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It's Going to Take More Than an Online Petition to Stamp Out Bias at the BBC

12/05/2016 11:35 | Updated 12 May 2016

The withdrawal of the petition calling for the sacking of BBC TV journalist Laura Kuenssberg by campaigning group 38 Degrees is something I think we should all welcome. Although the reasons behind that withdrawal may not be as straightforward as they first seem.

Whilst I agree she has displayed a level of bias against Labour in recent months, and certainly her attacks on Corbyn's leadership have been verging on hysterical, a campaign to have a journalist silenced because you don't like what she has to say is at best equally subjective, and at worse a dangerous precedent to set for the future.

I'm not a wholehearted Labour supporter myself but I found her behaviour during last week's election night broadcast - where she revealed pre-prepared statements written by Labour to cover various eventualities - to be excruciatingly shabby. It was worthy only of red-top tittle tattle, and certainly not something I'd expect to see from a seasoned broadcaster on respectable national network.

As she explained prior to her rant, all the parties were asked to submit, in advance, their reaction to either positive or negative news about their results. This is apparently standard practice now as the need for instantaneous reaction to events becomes ever more pressing.

Yet she chose to focus on the statements from Labour with truly disingenuous fervour, seemingly gleeful to be revealing privileged content, as John McDonnell squirmed rather uncomfortably in his seat.

Looking something like a jilted woman who'd found some incriminating texts on her partner's phone, she offered a virtual symposium on self-satisfied smugness, punctuating her choice phrases with flourishes of her hand as if she was highlighting some grand deception.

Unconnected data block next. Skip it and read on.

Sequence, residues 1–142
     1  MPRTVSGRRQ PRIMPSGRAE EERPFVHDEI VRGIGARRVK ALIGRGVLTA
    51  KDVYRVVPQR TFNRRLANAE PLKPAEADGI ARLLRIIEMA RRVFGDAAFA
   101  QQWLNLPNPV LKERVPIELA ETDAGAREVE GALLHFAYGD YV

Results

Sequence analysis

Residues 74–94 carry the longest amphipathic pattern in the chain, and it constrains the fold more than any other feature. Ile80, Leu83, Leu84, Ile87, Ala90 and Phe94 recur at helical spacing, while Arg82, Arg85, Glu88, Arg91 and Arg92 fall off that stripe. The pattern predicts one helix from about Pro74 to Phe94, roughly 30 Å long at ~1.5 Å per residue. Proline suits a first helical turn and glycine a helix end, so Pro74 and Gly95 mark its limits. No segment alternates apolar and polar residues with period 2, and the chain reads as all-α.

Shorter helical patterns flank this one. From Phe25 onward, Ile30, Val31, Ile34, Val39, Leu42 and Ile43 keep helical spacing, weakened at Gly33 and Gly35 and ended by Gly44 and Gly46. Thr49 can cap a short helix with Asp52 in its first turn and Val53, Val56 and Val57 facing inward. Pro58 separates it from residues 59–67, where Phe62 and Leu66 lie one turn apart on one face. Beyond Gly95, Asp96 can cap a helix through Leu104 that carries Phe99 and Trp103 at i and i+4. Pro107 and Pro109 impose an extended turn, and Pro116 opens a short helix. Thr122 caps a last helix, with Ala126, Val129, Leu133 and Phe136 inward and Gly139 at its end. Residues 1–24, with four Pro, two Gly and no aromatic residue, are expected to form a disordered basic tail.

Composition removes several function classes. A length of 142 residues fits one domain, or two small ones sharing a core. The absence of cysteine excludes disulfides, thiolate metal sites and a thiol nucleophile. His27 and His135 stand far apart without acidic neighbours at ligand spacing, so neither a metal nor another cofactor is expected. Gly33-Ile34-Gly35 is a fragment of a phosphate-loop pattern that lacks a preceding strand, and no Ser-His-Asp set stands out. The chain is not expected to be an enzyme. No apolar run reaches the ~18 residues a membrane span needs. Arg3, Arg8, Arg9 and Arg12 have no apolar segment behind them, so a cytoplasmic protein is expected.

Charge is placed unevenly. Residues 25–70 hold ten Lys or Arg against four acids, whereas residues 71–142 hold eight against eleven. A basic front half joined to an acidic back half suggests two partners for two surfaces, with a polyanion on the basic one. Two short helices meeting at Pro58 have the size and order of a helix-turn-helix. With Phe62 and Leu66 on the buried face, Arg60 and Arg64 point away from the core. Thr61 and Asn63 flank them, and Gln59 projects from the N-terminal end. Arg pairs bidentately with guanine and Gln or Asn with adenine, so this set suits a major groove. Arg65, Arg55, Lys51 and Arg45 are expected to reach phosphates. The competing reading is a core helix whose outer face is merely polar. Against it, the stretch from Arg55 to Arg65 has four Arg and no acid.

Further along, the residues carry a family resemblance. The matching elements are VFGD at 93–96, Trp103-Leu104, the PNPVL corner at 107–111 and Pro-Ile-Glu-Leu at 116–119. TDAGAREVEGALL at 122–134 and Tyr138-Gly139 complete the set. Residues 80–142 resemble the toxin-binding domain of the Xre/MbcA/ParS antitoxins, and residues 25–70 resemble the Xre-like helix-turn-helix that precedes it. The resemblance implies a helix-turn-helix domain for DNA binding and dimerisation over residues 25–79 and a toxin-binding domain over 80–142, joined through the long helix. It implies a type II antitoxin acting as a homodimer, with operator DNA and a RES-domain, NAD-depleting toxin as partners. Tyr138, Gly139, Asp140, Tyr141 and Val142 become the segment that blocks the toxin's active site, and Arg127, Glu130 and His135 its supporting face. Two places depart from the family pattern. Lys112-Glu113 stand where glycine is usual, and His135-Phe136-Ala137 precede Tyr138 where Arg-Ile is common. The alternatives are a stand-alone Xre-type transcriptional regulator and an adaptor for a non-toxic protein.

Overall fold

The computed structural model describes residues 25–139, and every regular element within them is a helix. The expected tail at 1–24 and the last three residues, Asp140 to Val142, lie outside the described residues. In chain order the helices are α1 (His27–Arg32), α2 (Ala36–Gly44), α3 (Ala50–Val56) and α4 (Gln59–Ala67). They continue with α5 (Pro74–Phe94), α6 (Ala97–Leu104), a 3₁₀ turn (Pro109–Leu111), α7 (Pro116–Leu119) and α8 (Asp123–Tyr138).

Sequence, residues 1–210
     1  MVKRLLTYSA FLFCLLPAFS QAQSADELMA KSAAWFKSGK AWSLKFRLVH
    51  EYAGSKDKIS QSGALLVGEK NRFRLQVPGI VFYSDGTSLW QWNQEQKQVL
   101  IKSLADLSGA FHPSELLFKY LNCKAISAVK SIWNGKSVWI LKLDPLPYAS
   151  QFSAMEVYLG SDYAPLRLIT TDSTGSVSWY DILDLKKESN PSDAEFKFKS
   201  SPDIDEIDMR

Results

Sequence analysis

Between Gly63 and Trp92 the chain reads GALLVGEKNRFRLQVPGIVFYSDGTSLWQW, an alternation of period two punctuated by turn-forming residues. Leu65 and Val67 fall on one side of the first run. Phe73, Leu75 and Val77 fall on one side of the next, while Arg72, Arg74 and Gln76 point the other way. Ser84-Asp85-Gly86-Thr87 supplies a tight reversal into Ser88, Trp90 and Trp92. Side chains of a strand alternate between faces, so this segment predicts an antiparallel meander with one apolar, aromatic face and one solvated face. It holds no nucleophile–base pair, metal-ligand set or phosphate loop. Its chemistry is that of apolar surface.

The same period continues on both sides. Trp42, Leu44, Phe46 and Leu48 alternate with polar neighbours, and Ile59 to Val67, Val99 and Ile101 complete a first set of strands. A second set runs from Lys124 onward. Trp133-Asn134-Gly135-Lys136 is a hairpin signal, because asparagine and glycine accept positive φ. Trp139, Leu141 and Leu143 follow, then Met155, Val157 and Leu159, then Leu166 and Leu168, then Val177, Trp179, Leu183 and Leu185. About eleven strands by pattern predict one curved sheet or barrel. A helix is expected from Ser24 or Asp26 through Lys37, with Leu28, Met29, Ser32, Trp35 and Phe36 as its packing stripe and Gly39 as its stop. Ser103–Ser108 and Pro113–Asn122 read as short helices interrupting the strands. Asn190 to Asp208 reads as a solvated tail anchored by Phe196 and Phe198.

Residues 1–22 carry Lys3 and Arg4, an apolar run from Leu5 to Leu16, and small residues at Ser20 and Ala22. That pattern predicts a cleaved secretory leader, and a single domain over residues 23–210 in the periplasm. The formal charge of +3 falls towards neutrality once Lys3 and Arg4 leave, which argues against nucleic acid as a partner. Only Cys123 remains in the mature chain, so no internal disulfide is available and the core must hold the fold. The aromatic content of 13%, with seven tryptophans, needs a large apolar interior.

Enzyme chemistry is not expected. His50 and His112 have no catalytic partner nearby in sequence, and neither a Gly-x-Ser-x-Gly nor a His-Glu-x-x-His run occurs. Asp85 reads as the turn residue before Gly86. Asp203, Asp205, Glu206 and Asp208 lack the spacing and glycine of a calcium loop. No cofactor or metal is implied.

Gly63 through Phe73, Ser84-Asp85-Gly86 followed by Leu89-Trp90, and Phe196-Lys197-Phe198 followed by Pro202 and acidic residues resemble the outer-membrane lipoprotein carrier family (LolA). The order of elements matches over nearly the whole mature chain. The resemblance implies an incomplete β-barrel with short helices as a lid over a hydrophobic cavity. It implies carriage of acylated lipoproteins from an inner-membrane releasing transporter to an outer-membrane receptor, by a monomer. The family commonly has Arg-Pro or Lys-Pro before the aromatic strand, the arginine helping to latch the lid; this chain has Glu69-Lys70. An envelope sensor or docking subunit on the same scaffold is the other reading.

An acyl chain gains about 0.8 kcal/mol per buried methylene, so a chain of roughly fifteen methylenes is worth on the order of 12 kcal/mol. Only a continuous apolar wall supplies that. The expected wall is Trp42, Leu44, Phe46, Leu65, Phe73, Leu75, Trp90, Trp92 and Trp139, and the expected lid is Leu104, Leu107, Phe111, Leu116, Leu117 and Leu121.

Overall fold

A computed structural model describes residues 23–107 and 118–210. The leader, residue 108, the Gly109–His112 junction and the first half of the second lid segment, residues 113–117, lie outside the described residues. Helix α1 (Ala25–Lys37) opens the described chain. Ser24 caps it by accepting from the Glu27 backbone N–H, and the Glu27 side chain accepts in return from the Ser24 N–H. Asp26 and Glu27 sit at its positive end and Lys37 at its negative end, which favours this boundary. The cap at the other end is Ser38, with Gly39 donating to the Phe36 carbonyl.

She obviously enjoyed the process of ambushing Labour yet again, after pulling off a similar stunt with the on air resignation of Stephen Doughty in January, something the BBC later admitted had been specifically staged to embarrass Corbyn and the Labour leadership.

After that sort of performance it's little wonder that she's incurred the wrath of viewers keen to see genuine discourse and analysis, rather than a commentator grinding an axe that she's quite obviously itching to swing. It was almost as if she deliberately courted this disdain, perhaps as a reaction to previous criticism of her position.

I remember Laura when she was with ITV News. Back then she seemed to be a fairly well balanced reporter. But since she joined the BEEB there's been a definite change in her approach.

She now seems hell bent on becoming the new hard-hitting, go-get 'em interviewer, apparently believing that to do that she needs to court controversy at every turn.

Fuelled by sensationalist speculation, she seems to be emulating the wrong Jeremy, becoming more Clarkson than Paxman with every appearance she makes. Not really something one would expect from the political editor of what was once a dauntless bastion of reliable non-partisan analysis. Certainly not something that one would expect from a serious journalist.

An analysis by Cardiff University recently revealed that there was some basis for the anecdotal perception of bias against the left from the BBC. Their report revealed, amongst other things, that the number of appearances of Conservative and UKIP politicians on the BBC far outweighed those of opposition parties. Something I think many of us already knew.

The Green Party in particular has repeatedly been singled out for a snubbing, culminating in the denial of air time for Party Political Broadcasts on numerous occasions. Pressure from the public forced something of a U-turn on this stance during the General Election, but we saw a reinstatement of the exclusion zone in the run up to the local and London Mayoral elections earlier this month.